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Ex-soldiers fast-tracked to teach

Former soldiers will be able to qualify as teachers in half the normal time under a new Government scheme. Achieving qualified teacher status (QTS) usually takes a three-year degree and one year teacher training course.

The Government believes it will help invoke discipline in schools, but critics warn that “a military ethos belongs in the military”.

Ex-military without a degree, but with experience as instructors, coaches or mentors, will be able to take part in a two-year, school-based salaried training scheme. Applicants would spend four days a week in the classroom, with one day a week at university.

Military personnel with a degree will be given bursaries and be able to enrol on courses with extra training, as part of the Troops to Teachers programme.

Education minister David Laws said: “Many members of our inspiring armed forces possess the skills and expertise relevant and transferable to the classroom – leadership, discipline, motivation and teamwork. Every child can benefit from having these values instilled in them.

“We want to capture the ethos and talents of those leaving the armed forces, and bring this experience into teaching. We know that our highly skilled servicemen and women can inspire young people and help raise educational attainment.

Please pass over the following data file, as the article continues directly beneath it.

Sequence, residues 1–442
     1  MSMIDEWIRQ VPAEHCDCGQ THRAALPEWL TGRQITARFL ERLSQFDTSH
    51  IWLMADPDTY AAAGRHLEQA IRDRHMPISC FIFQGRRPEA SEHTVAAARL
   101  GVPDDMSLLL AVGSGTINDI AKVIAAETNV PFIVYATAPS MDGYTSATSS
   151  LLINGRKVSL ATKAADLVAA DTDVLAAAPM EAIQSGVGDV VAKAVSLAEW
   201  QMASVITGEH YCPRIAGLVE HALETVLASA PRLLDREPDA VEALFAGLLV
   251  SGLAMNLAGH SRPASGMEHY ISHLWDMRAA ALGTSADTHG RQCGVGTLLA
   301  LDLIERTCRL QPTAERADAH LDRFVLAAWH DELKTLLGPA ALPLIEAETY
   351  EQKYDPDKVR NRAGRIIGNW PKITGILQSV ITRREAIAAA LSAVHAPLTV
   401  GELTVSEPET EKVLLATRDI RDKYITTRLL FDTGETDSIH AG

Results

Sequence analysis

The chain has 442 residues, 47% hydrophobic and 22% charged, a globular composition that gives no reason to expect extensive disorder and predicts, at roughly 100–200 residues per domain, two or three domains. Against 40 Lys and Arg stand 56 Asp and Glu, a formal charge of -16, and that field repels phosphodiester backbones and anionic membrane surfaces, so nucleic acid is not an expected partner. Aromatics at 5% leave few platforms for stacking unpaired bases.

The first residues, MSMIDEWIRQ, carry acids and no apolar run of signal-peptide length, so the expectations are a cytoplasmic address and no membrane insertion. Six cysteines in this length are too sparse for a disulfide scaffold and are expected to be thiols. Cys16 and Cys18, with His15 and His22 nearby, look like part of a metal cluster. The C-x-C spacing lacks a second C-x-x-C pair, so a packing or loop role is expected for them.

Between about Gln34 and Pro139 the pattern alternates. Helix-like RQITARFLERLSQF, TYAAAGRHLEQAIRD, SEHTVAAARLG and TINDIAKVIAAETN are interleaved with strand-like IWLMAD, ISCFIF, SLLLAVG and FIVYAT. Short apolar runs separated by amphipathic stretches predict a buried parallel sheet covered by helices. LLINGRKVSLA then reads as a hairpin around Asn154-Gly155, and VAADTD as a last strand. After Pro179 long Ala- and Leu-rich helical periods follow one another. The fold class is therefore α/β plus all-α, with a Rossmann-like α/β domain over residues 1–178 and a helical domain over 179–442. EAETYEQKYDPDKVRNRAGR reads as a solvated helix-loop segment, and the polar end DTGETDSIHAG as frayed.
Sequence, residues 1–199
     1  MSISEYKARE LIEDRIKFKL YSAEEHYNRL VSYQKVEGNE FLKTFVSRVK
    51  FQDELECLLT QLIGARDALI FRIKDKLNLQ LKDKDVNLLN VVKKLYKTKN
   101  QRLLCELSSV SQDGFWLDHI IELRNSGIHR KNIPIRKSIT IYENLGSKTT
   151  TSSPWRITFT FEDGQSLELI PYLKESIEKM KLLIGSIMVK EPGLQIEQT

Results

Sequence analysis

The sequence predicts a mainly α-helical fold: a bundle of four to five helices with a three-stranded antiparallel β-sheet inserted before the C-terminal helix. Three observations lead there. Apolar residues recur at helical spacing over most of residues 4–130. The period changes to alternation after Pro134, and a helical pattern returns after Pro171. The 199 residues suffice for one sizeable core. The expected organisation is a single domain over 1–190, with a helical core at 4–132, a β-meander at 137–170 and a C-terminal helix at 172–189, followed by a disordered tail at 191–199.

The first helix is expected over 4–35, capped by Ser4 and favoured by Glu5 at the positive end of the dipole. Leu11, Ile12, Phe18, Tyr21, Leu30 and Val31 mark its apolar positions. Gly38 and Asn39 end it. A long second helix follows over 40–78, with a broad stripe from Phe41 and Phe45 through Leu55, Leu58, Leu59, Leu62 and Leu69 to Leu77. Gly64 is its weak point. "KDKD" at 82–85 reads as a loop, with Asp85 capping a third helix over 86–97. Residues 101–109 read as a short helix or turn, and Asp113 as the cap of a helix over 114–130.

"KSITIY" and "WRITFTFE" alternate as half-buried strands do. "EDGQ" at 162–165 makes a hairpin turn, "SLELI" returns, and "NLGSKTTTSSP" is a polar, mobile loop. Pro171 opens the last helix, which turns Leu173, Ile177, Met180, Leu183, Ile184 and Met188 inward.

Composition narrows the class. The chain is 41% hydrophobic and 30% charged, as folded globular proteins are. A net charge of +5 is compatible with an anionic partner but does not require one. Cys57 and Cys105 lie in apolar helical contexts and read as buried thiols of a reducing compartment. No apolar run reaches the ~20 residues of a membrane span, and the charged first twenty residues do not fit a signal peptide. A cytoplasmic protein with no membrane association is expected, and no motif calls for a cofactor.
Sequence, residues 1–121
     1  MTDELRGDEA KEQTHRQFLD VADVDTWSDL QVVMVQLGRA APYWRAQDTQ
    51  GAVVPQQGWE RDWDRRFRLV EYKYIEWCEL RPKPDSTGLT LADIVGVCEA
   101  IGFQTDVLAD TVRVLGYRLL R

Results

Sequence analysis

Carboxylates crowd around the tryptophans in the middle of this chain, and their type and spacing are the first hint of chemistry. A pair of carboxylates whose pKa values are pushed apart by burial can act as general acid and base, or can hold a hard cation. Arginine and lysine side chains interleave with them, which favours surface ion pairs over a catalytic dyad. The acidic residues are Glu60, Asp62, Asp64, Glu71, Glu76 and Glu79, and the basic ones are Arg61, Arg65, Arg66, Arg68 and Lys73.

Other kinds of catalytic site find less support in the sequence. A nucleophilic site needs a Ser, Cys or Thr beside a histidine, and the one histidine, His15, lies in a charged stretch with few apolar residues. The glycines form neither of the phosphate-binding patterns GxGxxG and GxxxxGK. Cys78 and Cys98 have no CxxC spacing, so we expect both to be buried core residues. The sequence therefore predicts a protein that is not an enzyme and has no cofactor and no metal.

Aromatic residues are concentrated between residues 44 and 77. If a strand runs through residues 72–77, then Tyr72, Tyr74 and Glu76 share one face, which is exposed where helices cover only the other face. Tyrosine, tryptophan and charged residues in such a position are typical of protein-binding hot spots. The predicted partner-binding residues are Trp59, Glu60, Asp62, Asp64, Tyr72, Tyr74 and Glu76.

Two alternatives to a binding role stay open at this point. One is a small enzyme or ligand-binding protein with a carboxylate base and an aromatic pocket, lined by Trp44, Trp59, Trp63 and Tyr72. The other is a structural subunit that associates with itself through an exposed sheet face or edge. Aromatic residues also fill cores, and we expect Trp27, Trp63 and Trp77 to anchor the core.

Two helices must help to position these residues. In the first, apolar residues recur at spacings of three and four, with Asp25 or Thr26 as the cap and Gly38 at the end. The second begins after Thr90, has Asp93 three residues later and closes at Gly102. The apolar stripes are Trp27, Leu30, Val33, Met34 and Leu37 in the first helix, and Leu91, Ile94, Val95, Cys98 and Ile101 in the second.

“Troops to Teachers will make it easier for those who have already contributed so much to our country to continue their brilliant work – this time in the classroom.”

Brian Lightman, general secretary of the Association of School and College Leaders, said: “There is no doubt that some ex-military personnel have the potential to make excellent teachers, but they need the right preparation and support. From what we've seen so far, this programme lacks both.

“For those without a degree, one day a week at university over a two-year course is not enough.

“Classroom experience is important but there is a whole body of knowledge about learning, brain development, behaviour, not to mention specific subject content, that they will need.

“A 50/50 split of practical to theoretical study is more realistic. For some subjects the top-up may be relatively small but for other subjects, like maths, English and science, it could be substantial.

“Ex-service personnel can bring lots of relevant experience to the classroom, but a military ethos belongs in the military. Schools need a learning ethos.”

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